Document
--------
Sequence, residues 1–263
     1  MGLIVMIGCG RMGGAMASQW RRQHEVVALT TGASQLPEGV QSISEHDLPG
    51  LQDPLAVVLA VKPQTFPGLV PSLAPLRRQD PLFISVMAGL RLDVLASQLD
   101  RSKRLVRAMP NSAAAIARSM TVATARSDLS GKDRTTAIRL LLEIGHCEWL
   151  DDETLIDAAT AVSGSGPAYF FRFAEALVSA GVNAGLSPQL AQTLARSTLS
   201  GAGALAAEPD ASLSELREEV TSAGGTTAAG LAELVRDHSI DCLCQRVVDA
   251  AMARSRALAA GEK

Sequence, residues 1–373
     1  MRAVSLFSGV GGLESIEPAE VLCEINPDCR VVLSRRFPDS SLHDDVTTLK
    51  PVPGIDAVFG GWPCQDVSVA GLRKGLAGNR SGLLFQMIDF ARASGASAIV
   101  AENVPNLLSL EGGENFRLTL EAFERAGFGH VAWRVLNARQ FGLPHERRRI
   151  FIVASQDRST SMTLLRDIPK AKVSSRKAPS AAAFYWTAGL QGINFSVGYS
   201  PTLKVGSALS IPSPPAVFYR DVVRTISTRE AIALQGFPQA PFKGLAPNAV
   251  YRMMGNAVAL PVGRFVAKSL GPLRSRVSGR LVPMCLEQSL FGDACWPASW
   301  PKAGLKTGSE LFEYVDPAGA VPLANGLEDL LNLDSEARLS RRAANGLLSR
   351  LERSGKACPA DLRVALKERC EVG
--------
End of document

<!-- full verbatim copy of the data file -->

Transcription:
Sequence, residues 1–263
     1  MGLIVMIGCG RMGGAMASQW RRQHEVVALT TGASQLPEGV QSISEHDLPG
    51  LQDPLAVVLA VKPQTFPGLV PSLAPLRRQD PLFISVMAGL RLDVLASQLD
   101  RSKRLVRAMP NSAAAIARSM TVATARSDLS GKDRTTAIRL LLEIGHCEWL
   151  DDETLIDAAT AVSGSGPAYF FRFAEALVSA GVNAGLSPQL AQTLARSTLS
   201  GAGALAAEPD ASLSELREEV TSAGGTTAAG LAELVRDHSI DCLCQRVVDA
   251  AMARSRALAA GEK

Sequence, residues 1–373
     1  MRAVSLFSGV GGLESIEPAE VLCEINPDCR VVLSRRFPDS SLHDDVTTLK
    51  PVPGIDAVFG GWPCQDVSVA GLRKGLAGNR SGLLFQMIDF ARASGASAIV
   101  AENVPNLLSL EGGENFRLTL EAFERAGFGH VAWRVLNARQ FGLPHERRRI
   151  FIVASQDRST SMTLLRDIPK AKVSSRKAPS AAAFYWTAGL QGINFSVGYS
   201  PTLKVGSALS IPSPPAVFYR DVVRTISTRE AIALQGFPQA PFKGLAPNAV
   251  YRMMGNAVAL PVGRFVAKSL GPLRSRVSGR LVPMCLEQSL FGDACWPASW
   301  PKAGLKTGSE LFEYVDPAGA VPLANGLEDL LNLDSEARLS RRAANGLLSR
   351  LERSGKACPA DLRVALKERC EVG